Buffalo, New York
Vol. 18 No. 12 · 20 June 1996
From Judith Kazantzis
Elisa Segrave’s Diary (LRB, 18 April) was a garble of private, unmalicious conversations which she was given no permission to use. It was even in places a crude little example of that English phenomenon known as drawing room anti-semitism. It purported to be an informed, witty, political/literary Key West Diary. It was the opposite. Particular distress has been given to my elderly, frail and loved friend Helen Rosen, a distinguished American liberal beside whose decades of experience and achievement Elisa Segrave’s comments were absurdly cheap. This is quite astonishing, because Elisa Segrave was over the course of two years given much practical help and hospitality in Key West by myself and my partner, as our friend, an affectionate, gallant woman – so we thought. We introduced her to some of the people she subsequently meanly misquoted, as she did myself. We had always assumed the LRB was against this kind of journalism. Cheap laughs at an elderly foreign lady’s expense?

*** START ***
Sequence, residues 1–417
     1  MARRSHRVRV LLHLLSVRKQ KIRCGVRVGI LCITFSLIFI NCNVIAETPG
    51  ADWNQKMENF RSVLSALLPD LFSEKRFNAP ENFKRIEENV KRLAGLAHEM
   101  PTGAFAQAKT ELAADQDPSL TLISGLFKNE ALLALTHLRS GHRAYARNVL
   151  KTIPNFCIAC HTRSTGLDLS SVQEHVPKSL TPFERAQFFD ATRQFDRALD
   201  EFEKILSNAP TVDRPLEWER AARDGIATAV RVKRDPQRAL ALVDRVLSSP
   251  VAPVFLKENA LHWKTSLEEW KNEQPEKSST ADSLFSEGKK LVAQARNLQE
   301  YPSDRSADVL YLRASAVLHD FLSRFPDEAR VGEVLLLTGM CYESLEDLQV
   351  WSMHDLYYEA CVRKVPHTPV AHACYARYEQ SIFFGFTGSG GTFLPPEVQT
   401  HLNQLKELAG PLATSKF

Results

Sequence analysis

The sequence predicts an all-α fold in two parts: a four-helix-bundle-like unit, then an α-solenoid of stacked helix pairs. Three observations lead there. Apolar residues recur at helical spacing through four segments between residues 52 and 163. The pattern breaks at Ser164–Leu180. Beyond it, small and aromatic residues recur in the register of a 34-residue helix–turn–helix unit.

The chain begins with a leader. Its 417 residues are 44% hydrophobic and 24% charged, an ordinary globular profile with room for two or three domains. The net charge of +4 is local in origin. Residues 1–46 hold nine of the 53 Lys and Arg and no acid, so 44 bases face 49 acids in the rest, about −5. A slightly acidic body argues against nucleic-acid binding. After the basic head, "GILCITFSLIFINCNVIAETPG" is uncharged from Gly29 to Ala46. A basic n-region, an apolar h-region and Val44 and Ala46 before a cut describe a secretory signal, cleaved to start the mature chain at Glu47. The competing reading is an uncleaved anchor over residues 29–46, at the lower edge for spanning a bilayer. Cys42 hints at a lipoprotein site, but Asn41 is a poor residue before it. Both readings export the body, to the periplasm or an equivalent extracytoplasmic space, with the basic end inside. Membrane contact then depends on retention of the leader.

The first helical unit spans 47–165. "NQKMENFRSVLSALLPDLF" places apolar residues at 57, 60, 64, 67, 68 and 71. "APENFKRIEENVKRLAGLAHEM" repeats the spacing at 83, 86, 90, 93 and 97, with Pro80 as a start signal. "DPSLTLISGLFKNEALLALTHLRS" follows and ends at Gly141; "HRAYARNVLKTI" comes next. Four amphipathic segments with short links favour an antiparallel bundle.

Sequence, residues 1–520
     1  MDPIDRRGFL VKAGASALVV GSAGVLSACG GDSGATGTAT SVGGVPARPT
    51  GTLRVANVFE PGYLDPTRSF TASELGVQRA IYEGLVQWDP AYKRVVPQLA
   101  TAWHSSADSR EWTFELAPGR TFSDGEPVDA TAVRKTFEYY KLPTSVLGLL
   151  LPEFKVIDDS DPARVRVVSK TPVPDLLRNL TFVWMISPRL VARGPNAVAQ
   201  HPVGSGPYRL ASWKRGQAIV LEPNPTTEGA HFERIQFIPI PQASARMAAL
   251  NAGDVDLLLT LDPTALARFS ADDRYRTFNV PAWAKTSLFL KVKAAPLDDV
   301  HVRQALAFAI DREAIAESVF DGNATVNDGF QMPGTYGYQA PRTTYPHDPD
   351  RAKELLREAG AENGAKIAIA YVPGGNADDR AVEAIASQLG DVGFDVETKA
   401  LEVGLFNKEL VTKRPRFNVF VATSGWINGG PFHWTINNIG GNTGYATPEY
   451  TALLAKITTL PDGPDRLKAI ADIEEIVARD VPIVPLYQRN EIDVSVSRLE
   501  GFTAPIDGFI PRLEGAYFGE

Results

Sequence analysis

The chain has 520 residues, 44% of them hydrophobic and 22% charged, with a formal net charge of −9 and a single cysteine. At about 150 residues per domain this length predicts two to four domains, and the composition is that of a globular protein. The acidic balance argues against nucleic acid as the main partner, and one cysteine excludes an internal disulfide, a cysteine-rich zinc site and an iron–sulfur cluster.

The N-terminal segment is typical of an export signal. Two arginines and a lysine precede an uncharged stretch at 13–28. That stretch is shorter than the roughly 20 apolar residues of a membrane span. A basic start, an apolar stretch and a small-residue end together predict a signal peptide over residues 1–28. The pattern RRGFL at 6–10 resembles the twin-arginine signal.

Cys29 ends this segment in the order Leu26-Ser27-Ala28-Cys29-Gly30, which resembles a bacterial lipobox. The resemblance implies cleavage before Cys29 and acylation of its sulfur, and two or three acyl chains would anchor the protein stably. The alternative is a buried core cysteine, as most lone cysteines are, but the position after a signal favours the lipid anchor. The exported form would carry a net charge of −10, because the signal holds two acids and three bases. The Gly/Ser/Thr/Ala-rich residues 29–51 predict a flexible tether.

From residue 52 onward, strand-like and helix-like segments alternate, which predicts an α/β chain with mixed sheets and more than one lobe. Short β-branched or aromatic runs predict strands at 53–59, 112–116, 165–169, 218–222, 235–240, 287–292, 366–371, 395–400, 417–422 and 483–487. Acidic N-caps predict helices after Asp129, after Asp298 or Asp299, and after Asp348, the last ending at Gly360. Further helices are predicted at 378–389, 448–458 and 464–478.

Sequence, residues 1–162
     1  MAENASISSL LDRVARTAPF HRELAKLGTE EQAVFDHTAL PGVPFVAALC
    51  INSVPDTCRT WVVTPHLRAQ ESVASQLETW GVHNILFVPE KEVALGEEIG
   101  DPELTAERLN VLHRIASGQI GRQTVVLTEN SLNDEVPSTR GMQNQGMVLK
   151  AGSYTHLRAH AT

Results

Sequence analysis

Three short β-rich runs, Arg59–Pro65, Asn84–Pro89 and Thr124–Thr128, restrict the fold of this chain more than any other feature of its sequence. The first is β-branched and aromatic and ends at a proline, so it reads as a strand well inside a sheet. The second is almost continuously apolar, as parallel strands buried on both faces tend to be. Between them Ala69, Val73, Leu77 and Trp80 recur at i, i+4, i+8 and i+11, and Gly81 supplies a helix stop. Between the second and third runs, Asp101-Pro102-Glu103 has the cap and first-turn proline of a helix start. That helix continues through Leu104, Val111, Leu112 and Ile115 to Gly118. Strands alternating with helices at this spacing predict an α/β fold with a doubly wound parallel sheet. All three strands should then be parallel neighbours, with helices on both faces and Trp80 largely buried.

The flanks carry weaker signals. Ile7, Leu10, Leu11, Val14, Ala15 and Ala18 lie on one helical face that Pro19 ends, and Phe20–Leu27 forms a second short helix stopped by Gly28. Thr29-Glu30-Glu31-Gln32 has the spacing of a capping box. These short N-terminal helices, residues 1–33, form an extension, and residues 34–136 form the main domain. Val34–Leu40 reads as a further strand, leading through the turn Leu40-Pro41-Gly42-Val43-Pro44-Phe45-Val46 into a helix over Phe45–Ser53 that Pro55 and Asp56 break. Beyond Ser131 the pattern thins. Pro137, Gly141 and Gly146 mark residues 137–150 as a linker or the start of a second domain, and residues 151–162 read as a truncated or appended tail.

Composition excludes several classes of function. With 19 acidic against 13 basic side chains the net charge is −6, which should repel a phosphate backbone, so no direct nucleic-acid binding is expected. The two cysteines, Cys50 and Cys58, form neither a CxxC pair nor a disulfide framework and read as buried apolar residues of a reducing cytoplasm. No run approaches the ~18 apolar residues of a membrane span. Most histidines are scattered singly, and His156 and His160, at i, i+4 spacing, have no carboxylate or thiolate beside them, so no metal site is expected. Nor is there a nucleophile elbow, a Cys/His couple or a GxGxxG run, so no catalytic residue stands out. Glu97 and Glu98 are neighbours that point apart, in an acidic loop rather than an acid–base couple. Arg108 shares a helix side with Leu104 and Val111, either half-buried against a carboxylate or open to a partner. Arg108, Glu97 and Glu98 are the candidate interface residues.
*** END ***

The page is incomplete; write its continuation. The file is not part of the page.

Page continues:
Elisa Segrave writes: I’m not anti-semitic in the drawing-room, or anywhere else for that matter, and I do not make things up, though I was mistaken in saying that Mrs Rosen had travelled in Europe during the war rather than the Fifties. As for Victor Menza (Letters, 6 June), he wasn’t even at the supper which I describe. I already apologised to Judith over a month ago for having unaccountably offended her by my Diary. I am surprised and saddened that she has chosen not to accept my apologies. What more does she want – a public flogging?
Vol. 18 No. 14 · 18 July 1996
From Janine di Giovanni
Victor Menza (Letters, 6 June) accused Elisa Segrave of ‘sloppy journalism’ for her account of an evening with Helen Rosen in Key West. Menza dissects her copy in the depressing and clinical manner of a biology student dissecting a frog. His list of complaints is endless. He objects to Rosen being called an ‘old’ lady (which she is), he claims she does not have blonde hair (though Segrave, who met her twice, insists that she does, and suggests that perhaps Rosen lightens her hair). He then gives a rather long-winded tribute to Mrs Rosen and her tireless work testing hearing in the ‘non-First World’. By the end of his three-paragraph tribute, Helen Rosen stands shoulder to shoulder with Mother Teresa. The point that Menza missed was that Segrave’s account of the evening was a complimentary one. Perhaps Menza is not a fan of her prose style. In fact, it was his letter rather than Segrave’s article which I found unsettling, unkind and unfair. His attempts to defend what he sees as an ‘attack’ on Rosen – which, in fact, I do not think Segrave intended at all – result in a rather vicious attack on Segrave.
Janine di Giovanni